One of those challenges is the fact that many state and country regulations for information security are not only different, but in fact contradictory with each other. So any business operating in more than one state or country needs to address these reporting differences through policy and IT controls that enable compliance with each standard. As an example, the data privacy laws in European Union (EU) are much stricter than in other parts of the world. It is illegal in EU countries to move personal data out of the county, which certainly poses challenges for companies that operate worldwide.
Another challenge is that no matter strict your processes and how rigorous you follow them, human interaction with corporate data and systems naturally creates vulnerabilities. How many of you have applied a patch only to discover it enabled a new vulnerability?
In order to handle these challenges and the fact that systems, companies and regulations are always changing, the key is to focus on Continuous Compliance – not just setting up the IT controls to get in compliance, but automating and managing them to STAY in compliance. I would bet more than 95 percent of companies are out of compliance against a given standard within 24 hours of passing the audit for that regulation. It’s like cramming for the test, getting a good grade, forgetting most of what your learned, and then having to cram again for the final exam. It’s wasted effort. The most successful companies, the other 3 to 5 percent, realize that it is more important to set up a consistent repeatable process so that the “test” (in this case the audit) becomes simple. Some companies have become so polished at it that their internal audit reports are being accepted by external auditors as proof of compliance which is saving them millions of dollars each year.
When looking at security and compliance solutions you want to choose best of breed while also making sure the solutions are integrated between products from the same vendor as well as with other partners in your IT security ecosystem. Any part of your IT security and compliance infrastructure that is not integrated is affecting your efficiency and ability to scale, as well as creating security risks and compliance holes.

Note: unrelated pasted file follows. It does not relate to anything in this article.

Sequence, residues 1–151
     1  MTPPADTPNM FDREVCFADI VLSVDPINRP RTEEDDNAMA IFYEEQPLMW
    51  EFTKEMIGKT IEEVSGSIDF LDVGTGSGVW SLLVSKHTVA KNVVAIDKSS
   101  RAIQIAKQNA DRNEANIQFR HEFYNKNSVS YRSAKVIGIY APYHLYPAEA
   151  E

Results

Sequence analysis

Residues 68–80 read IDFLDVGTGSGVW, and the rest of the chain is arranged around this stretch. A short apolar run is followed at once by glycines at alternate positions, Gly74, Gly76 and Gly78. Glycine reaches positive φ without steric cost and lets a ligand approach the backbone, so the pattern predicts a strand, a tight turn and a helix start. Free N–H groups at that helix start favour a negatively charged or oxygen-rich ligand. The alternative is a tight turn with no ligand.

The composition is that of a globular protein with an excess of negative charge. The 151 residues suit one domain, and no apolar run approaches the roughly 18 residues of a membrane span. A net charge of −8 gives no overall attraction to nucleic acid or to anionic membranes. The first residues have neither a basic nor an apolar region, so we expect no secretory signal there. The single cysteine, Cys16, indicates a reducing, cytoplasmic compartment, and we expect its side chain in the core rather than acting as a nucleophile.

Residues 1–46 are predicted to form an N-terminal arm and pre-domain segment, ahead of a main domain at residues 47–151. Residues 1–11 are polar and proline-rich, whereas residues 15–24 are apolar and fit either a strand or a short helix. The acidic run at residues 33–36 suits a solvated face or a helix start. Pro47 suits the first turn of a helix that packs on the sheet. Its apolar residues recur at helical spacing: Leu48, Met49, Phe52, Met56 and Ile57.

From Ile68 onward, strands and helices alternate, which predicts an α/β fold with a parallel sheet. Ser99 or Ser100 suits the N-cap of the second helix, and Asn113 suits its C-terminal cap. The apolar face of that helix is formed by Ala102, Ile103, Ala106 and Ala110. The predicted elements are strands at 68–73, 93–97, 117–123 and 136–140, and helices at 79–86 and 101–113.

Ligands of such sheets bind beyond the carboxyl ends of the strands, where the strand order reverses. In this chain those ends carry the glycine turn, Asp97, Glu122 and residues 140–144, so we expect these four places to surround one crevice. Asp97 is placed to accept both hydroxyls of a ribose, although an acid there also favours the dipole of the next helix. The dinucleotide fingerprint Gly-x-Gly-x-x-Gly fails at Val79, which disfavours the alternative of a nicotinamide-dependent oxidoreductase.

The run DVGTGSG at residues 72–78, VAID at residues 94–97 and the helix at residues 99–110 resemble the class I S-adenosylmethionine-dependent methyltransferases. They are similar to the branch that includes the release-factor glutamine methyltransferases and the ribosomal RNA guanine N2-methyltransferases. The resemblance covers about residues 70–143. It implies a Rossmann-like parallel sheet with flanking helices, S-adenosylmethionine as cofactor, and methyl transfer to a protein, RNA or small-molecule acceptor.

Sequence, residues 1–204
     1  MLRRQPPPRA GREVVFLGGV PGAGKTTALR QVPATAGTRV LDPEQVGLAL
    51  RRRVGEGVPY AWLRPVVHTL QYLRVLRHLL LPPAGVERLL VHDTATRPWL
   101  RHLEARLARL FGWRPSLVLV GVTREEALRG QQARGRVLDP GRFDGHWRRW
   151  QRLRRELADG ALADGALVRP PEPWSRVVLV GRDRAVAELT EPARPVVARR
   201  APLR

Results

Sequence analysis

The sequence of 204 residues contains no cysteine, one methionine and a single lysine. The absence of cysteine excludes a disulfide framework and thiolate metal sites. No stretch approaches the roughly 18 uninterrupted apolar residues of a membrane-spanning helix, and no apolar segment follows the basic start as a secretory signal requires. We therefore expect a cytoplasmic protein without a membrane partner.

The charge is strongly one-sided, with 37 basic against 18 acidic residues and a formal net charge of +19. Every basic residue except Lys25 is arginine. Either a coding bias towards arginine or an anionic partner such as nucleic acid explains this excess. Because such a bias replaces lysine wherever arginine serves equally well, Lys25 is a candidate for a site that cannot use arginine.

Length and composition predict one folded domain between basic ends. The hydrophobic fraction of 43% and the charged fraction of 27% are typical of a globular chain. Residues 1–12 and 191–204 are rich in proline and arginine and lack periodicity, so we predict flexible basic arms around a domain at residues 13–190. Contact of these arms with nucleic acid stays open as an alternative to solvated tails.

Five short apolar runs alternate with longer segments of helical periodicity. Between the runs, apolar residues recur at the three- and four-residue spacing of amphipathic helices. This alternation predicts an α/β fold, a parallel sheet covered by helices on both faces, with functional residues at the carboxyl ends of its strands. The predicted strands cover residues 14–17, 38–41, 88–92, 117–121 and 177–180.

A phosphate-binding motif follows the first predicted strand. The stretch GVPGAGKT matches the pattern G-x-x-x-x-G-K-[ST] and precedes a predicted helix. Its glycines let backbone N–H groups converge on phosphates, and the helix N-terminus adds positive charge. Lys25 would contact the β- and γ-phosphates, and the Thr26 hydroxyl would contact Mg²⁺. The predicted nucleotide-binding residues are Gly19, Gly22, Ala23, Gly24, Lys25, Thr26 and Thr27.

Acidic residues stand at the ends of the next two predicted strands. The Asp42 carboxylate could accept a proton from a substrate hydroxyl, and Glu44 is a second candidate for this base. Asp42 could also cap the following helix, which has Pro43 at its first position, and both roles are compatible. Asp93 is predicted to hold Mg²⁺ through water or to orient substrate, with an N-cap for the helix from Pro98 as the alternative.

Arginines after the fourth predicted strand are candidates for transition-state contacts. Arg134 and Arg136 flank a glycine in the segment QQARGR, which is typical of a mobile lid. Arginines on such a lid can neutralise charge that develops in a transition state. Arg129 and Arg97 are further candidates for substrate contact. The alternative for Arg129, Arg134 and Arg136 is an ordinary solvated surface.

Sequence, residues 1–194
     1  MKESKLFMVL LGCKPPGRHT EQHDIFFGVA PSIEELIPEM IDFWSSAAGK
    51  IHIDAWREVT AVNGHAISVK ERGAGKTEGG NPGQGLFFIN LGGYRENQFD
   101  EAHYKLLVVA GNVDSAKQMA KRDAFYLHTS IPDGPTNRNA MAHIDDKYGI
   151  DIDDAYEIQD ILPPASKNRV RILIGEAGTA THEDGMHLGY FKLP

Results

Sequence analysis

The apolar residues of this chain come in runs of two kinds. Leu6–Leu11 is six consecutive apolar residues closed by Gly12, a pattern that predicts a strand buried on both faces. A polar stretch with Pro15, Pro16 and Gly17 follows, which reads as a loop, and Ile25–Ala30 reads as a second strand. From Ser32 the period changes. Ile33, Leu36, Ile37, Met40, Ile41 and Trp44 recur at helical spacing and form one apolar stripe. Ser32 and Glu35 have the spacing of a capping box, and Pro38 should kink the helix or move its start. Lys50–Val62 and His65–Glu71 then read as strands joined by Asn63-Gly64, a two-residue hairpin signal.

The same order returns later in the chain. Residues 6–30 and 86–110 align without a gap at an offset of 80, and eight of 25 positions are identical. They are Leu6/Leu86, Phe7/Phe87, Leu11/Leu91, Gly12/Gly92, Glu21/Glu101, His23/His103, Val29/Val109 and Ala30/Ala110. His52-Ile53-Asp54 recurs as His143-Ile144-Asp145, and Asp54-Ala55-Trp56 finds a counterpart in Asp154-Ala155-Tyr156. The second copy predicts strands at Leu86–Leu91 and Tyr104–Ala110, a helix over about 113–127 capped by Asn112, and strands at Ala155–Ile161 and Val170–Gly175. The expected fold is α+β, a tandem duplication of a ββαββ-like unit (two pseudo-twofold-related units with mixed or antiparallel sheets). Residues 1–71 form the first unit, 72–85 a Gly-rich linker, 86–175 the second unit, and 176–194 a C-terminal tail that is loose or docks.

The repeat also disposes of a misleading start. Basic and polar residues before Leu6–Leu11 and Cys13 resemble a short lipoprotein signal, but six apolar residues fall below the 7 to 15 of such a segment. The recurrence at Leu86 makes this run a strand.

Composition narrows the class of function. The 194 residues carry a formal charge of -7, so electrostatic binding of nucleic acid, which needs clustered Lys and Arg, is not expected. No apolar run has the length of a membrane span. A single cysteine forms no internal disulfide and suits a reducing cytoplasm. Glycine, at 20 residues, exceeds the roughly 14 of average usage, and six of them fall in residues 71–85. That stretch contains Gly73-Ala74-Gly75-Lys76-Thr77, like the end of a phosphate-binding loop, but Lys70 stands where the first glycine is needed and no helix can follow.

Continuous Compliance also includes creating a culture of security around the company. It is not enough that the IT security folks are focused on security and compliance, everyone in the company needs to be committed to the mission. Leaving your audit reports in the pocket of the airplane seat (yes it happened) is as much a problem as not patching your system vulnerabilities. Awareness is the first step since security and compliance is as much about the people creating and interacting with the systems and data as it is the technology and processes. If employees are educated, aware, and motivated, continuous compliance is achievable and in fact constantly improved.
Where do I start?
Successfully managing security and compliance is difficult in any sized organization, but universally most people will suggest the place to start is by getting a detailed understanding of the standards and regulations that affect you. Unfortunately most people translate this very literally and try to read the volumes of information on each of numerous regulations affected them. In reality, the right approach is to focus on security and compliance will fall in line. Get familiar with ISO 27001 and the Unified Compliance Framework and you will be setting yourself up for scalable success. Use that model to create the processes and acquire the technology your need to best protect your company assets. Then automate the processes to create a continuous compliance model that not only gets your in control, but keeps your in control. See the forest for the trees.
Related Reading: Preparing Organizations for a New Era of Compliance